Dry fly fishing is an exciting angling technique that’s popular for trout fly fishing. This technique allows you to see the take in action, as fish rise out of the water to feed on a floating fly. It’s an explosive way to fish, so if you haven’t tried dry fly fishing before, it’s time to find out how you can get started.
Learn what dry fly fishing is, how to choose your fly, and how the dry fly fishing technique works.
What is dry fly fishing?
A dry fly is a fly that floats on the surface of the water. Designed to mimic surface-feeding insects, they’re particularly attractive to trout. Trout fishing is extremely popular in the UK, so it’s great to have another technique that can help you catch them when they’re rising to feed on the surface.
Which fly should you use?
Choosing your fly is important. You want to choose a fly that’s similar to the real flies that draw fish to the surface in your location. Mayflies (also known as upwing flies) are among the most popular flies to emulate, since they’re very common along UK rivers and chalkstreams.
The Orvis dry fly collection consists of 8 flies, including both dry flies and emergers:
- Real Daddy (foam) size 12
- Klinkhammer tan size 14
- Griffith's Gnat size 14
- Parachute Adams size 14
- Coch-Y Bonddu Beetle size 12
- Grey Wulff size 12
- Aero Hawthorne size 12
- Retirer Sedge barbless size 15
Each of these has been specially selected for its performance as an attractive floating or emerging insects in UK rivers, chalkstreams, and stillwaters.
To aid their buoyancy, you can also apply floatant to your existing flies to make them bob on top of the water.
Dry fly fishing technique
Dry fly fishing is highly visible. You can see where the fish are rising, which gives you an indication of where to place your fly.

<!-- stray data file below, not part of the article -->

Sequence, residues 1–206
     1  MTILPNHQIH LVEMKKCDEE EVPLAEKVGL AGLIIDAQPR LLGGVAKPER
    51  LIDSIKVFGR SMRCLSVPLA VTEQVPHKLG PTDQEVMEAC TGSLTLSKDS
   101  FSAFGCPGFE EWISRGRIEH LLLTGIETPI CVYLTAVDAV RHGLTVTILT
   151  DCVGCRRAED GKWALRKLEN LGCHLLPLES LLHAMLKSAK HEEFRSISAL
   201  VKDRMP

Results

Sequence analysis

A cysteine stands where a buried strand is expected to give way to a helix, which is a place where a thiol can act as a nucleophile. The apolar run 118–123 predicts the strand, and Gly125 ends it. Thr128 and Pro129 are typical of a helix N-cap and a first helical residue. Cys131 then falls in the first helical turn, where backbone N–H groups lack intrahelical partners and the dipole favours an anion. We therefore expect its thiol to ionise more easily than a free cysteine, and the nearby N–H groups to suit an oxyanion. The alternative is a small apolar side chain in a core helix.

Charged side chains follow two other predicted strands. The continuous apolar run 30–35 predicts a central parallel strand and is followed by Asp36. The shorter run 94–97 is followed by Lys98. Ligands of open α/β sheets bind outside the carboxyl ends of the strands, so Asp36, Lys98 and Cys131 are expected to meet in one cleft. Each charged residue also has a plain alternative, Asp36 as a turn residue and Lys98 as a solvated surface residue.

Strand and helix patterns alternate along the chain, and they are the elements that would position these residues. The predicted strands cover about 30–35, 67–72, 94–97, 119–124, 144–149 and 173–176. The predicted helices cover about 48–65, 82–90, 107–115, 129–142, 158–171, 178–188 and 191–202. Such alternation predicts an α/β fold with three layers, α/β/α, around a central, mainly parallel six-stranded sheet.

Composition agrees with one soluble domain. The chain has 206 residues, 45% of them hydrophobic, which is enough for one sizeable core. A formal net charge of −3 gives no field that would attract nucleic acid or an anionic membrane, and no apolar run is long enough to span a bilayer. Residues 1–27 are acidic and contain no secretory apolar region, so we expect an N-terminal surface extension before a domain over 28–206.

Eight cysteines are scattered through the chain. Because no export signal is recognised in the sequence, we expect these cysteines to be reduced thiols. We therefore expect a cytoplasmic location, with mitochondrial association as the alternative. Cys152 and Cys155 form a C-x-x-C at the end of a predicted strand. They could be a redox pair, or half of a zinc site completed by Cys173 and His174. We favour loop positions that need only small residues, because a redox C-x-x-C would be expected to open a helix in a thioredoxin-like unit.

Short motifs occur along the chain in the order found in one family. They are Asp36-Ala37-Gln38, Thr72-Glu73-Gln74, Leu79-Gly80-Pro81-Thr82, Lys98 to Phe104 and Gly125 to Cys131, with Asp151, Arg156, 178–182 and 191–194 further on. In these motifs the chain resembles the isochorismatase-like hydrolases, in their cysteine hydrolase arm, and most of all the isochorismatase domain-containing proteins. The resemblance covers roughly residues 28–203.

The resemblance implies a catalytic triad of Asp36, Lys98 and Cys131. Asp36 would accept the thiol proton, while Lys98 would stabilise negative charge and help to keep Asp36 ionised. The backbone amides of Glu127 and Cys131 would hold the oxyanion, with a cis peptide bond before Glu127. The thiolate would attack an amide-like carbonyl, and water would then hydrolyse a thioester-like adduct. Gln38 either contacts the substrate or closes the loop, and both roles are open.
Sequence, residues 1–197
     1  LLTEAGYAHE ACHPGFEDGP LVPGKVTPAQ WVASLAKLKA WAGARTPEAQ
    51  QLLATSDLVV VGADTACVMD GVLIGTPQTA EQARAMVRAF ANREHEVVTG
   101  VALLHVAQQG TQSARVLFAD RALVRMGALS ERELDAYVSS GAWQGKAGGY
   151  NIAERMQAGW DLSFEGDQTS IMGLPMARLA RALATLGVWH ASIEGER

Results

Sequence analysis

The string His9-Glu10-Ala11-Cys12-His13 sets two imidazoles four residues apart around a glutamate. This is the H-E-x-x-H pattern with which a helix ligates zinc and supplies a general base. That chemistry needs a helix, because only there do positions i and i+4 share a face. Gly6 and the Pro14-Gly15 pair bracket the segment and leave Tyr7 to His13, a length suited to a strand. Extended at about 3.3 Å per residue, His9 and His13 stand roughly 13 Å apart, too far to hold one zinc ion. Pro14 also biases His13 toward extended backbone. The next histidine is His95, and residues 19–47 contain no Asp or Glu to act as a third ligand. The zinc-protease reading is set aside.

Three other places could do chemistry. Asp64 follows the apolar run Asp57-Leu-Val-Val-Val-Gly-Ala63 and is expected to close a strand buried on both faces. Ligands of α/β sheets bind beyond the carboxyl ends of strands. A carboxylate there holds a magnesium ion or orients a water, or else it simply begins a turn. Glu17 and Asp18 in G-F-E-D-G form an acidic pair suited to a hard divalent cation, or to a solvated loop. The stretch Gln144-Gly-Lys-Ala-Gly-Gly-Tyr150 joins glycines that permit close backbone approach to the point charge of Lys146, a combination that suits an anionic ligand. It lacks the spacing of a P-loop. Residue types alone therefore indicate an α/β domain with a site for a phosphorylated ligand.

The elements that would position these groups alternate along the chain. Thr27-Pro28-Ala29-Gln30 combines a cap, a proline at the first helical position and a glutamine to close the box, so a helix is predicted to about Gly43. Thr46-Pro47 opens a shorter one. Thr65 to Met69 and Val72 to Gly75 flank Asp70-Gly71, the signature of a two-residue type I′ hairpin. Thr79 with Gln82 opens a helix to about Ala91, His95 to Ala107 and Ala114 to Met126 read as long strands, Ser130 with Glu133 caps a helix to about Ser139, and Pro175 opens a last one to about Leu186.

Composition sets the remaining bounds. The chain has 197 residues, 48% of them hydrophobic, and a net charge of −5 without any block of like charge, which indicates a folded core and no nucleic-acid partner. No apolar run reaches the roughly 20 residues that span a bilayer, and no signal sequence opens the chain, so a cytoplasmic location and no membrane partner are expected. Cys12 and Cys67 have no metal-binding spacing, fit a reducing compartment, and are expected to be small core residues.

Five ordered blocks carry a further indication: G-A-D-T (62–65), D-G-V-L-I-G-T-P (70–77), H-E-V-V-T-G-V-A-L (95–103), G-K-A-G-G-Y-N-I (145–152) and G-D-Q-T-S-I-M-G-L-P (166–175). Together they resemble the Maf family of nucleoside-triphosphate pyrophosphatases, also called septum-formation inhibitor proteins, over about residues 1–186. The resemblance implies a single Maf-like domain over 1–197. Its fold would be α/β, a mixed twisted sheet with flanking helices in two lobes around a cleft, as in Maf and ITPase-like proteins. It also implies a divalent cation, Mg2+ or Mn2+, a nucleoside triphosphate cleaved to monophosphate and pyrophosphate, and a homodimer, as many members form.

The most common dry fly technique is to cast upstream and allow the current to wash the fly back towards you. This mimics the typical trout feeding pattern, in which the fish’s attention is directed into the current, awaiting insects that are carried downstream. You must stand downstream of the fish to achieve a similar pattern.
It’s also possible to cast downstream, although you’ll probably use this less often. Make a slack line cast to give your fly room to travel away from you towards where you can see fish rising.
Where can you practice dry fly fishing?
You can try dry fly fishing on almost any watercourse in the UK. Anywhere that fish rise to feed at the surface is a good bet for successful dry fly fishing.
There are 3 factors that affect a fish’s willingness to rise:
- Water temperature
Food is the most obvious factor. If there are no flies landing on the surface, a fish won’t attempt to feed there. So you must find a spot where insects are landing regularly on the water, drawing fish up to the surface. This often happens at the edge of the current, where fast-flowing waters meet slow-flowing waters.
Bright sunny days are lovely for sitting on the riverbank, but unlikely to bring fish to the surface. Trout tend to be much more likely to rise on overcast days with little to no rain. If it does rain, stick around, as anglers often report sudden rises just after the rain clears.
Finally, consider the water temperature. This isn’t as easy to measure, but both icy and hot waters will make fish more reluctant to rise. So dry fly fishing is best attempted in spring and autumn.
Should I try dry fly fishing?
One of the most enjoyable things about dry fly fishing is that all the action happens near the surface, so you can see it as well as feel it along your line. Watching fish rise to the fly is an exciting experience, so if you’re in an area where dry fly fishing is possible, it’s definitely worth investing in some dry flies.